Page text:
7 May 2018Hot off the Press
Counter-terrorism, the economy and EU membership are the focus of Turkish President Recep Tayyip Erdoğan’s election manifesto, as Turkey prepares for snap general and presidential elections on 24 June.
Mr Erdoğan described the election as a “milestone” for Turkey in a speech at the Justice and Development Party (AK Party) congress in Istanbul on Sunday, vowing that the country would “take the stage as a global power”.
Prominent on the agenda of the AK Party are new military operations that will “clear [Turkey’s] borders from terrorists”, the President announced. “The operations will continue until not one terrorist is left.”
This will include launching new cross-border operations similar to Turkey’s previous military campaigns, operations “Euphrates Shield” and “Olive Branch”.
“Euphrates Shield” (August 2016–March 2017) targeted Islamic State and Kurdish militants in Syria, while “Olive Branch” drove out the Kurdish “People’s Protection Units” (YPG) group from Afrin in early 2018.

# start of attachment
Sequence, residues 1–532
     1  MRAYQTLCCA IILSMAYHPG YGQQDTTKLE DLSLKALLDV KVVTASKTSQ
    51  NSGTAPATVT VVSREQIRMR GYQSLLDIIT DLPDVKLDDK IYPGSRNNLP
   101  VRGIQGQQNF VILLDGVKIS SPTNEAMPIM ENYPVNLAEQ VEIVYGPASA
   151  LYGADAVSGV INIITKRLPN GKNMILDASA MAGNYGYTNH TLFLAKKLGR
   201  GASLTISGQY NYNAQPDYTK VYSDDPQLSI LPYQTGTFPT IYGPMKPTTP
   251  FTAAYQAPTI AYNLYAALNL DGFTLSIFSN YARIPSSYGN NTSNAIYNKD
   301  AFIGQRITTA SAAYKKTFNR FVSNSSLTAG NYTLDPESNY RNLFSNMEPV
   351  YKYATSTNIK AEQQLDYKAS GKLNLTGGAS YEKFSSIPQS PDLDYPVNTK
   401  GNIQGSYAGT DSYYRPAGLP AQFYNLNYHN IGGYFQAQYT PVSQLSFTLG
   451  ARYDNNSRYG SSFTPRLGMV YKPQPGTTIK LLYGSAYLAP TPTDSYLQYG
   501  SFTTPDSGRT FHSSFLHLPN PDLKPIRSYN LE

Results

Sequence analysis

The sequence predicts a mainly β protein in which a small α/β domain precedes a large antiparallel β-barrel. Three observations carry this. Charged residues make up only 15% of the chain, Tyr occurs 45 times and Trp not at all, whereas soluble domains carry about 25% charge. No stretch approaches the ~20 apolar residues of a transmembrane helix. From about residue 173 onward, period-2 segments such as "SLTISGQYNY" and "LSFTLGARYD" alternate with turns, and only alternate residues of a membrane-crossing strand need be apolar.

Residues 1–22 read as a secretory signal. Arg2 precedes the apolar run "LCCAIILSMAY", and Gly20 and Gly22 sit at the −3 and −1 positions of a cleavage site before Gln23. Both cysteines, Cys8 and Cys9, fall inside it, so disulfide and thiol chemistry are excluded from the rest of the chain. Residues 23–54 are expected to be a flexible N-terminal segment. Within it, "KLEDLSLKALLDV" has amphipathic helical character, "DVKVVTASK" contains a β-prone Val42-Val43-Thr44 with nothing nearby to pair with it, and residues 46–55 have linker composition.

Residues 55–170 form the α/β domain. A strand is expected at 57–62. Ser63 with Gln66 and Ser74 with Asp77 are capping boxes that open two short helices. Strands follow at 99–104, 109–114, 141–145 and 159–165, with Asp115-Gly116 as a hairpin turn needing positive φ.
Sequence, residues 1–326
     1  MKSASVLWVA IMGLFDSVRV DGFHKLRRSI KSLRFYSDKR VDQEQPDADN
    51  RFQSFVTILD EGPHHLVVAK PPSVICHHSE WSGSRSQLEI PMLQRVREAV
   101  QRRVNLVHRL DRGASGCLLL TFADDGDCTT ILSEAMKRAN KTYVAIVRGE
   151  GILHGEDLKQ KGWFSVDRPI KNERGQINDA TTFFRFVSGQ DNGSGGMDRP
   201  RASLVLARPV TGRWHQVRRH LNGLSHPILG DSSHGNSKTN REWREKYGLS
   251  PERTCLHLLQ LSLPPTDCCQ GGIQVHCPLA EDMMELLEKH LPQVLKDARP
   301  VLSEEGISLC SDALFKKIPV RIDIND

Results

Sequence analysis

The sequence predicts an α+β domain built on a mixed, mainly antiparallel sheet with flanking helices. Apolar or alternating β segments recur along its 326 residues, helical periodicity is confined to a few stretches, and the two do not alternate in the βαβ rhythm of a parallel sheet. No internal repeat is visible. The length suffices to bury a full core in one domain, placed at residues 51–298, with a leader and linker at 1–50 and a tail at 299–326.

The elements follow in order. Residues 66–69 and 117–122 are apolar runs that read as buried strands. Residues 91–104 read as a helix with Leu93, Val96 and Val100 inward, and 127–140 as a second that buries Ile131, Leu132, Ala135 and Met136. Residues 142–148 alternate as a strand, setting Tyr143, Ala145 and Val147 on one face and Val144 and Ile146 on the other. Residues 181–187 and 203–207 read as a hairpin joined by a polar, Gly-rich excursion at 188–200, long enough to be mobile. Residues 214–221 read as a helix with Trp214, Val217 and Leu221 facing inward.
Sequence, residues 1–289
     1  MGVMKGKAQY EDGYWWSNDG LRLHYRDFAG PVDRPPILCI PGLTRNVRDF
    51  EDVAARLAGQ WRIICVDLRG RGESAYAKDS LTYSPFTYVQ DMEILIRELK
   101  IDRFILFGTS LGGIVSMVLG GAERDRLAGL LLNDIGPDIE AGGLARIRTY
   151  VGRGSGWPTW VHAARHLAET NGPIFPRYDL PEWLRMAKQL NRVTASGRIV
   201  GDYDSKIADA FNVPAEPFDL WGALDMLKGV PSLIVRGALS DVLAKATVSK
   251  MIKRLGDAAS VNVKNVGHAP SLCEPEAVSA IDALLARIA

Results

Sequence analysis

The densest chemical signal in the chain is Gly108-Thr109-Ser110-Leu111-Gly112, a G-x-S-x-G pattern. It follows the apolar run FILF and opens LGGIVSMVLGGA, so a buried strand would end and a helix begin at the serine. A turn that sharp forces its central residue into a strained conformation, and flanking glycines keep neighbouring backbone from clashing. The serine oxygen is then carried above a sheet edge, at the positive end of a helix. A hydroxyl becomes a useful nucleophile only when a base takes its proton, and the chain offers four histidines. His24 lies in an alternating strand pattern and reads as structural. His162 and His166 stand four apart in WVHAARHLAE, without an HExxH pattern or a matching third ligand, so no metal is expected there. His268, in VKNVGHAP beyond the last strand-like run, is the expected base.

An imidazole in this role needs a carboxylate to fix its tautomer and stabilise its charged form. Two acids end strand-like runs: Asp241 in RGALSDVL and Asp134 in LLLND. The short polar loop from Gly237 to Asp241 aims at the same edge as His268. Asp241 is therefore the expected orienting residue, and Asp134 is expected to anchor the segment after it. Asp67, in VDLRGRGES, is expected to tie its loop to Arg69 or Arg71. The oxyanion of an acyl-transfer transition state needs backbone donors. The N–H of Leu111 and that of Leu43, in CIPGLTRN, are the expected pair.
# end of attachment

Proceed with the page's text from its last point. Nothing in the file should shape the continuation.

“We shattered the terror corridor being formed on our southern border with these operations. Our soldiers … are ready for new missions”, President Erdoğan said.
Erdoğan also vowed that there will be “more prosperity and more freedom” in Turkey, which includes reducing interest rates and inflation, major problems that have seen Turks paying higher prices for food.
The consumer price inflation in Turkey reached almost 11% in April, significantly higher than Eurozone estimates of 1.2%.
Turkey remains in a state of emergency since a failed coup in 2016, and the Government has been criticised for its tough security measures and media restrictions that followed the 2013 Gezi Park protests.
Although this will likely continue to impact Erdoğan’s aspirations of membership of the European Union, the President is undeterred.
“We have never given up on our goal of full membership to the EU, although lately we have not seen the same determination and desire from our counterparts”, he said.
This election will also mark Turkey’s transition from a parliamentary system to a presidential system, in which the powers of the President are increased.
The next President will replace the Prime Minister as head of government, and have powers to appoint vice-presidents, ministers, senior government officials, and senior judges, as well as powers to dissolve Parliament, issue executive decrees, and impose states of emergency.